Tankian borrowed some lyrics from his poetry book, Cool Gardens, for ponderous words like “no time to die, nor kill, nor structures of a pyramid.” “I borrow from myself all the time because I can,” he says, laughing.
In the song, he asks himself, “What is life, if today I die?” “It’s like, what am I here for?” he explains. “What am I doing here? It’s kind of like deconstructing your own life and asking the universal question of, ‘Why am I here?’ Not just why we’re here, but, ‘What is my pivotal role in this drama called life?’”
The song also abstractly addresses world ecology. “When I’m referring to flower’s mother, soldier’s father, farmer’s wife — I’m talking about the Earth, I’m talking about land,” he says. “So it’s talking about the planet as well as our pivotal role in it, whatever that might be.”
With Tankian on board, Gueikian approached a man he considers his “adopted godfather, Tony Iommi, who was another quick “Yes.” “In 24 hours, I had the solo from Tony,” Gueikian says, beaming. The lead part flutters, flies, and ultimately soars. You can hear Iommi’s inspiration come out of his guitar.
“It was great to hook up with Serj again and also to do a track with Cesar,” Iommi says via email. “I think that he’s trying to steal my job!! Haha!! The Armenian people are really lovely people, and it’s a great pleasure, a great cause, and I’m very happy to be involved in it.”
Gueikian says that getting two of his favorite artists on his track was a “pinch-me moment,” and he hopes to explore the process again himself and encourage other Gibson staffers to collaborate with the brand’s artists for future Gibson Band releases. He wants the Gibson Band — like Gibson Records, the company’s book publishing arm (which put out a book about Slash earlier this year), and its video series — to be an unfettered representation of what people can do creatively.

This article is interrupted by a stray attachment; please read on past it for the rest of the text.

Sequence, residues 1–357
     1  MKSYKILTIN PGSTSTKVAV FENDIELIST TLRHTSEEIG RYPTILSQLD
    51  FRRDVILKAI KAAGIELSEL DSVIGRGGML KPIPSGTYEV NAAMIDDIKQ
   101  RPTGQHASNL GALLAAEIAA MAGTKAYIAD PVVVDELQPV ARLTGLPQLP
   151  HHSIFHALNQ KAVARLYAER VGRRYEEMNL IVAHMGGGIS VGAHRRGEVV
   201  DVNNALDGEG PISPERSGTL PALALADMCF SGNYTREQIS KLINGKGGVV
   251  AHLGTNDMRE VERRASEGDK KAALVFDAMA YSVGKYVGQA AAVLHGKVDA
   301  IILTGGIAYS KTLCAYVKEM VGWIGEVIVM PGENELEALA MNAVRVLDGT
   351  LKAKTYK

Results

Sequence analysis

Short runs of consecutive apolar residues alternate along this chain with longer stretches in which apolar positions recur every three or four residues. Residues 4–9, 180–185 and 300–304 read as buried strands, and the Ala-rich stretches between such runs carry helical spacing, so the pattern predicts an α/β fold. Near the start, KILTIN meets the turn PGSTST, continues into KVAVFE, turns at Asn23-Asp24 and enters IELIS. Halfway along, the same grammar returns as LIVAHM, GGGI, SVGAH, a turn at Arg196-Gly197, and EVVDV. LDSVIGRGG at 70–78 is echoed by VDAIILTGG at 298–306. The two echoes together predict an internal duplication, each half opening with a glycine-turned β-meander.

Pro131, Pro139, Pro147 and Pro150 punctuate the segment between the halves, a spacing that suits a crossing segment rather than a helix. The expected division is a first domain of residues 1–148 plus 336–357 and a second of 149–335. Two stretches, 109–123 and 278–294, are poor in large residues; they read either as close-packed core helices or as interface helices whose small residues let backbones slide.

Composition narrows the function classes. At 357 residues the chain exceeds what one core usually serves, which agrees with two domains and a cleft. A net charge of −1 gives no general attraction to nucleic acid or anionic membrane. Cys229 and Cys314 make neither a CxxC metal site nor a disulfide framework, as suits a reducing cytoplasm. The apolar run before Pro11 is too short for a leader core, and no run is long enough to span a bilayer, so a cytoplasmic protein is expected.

“[The Gibson Band’s music] may or may not always be a charitable project, depending on the song,” he says. “I think about the Gibson Band as a platform but more importantly as a collective. There’ll be a collective of artists who are going to be writing songs that we can put out through Gibson Records under the banner of Gibson Band. Ultimately, it’s all about the music.”
Tankian is grateful, though, that this track will be benefiting his and Gueikian’s ancestral homeland. Earlier this year, Armenians who lived in an area known as Nagorno-Karabakh, aka Artsakh, were driven from their homes by Azeri invaders following a 2020 incursion in the region. “It’s ethnic cleansing and genocide when you’re forced to leave your indigenous home of thousands of years because of someone attacking,” he says. “And this was after nine months of starvation, which Azerbaijan enacted on the people of Nagorno-Karabakh.” Tankian hopes that Armenians can take the injustice, which goes back to the Soviet era, to an international court.
“But right now, there’s a lot of humanitarian aid necessary for these 120,000 displaced Armenians from Nagorno-Karabakh,” he says, “so these funds will help with that particular refugee crisis that Armenia Fund already attends to.”
Tankian is also pleased to play a part in a cool song. When he heard the fully mixed version of the song with his vocals and Iommi’s guitar, he says, “It sounded kicking.” “I was really happy to be a part of it,” he says. “It’s something different, and it’s good that it’s for a good cause.”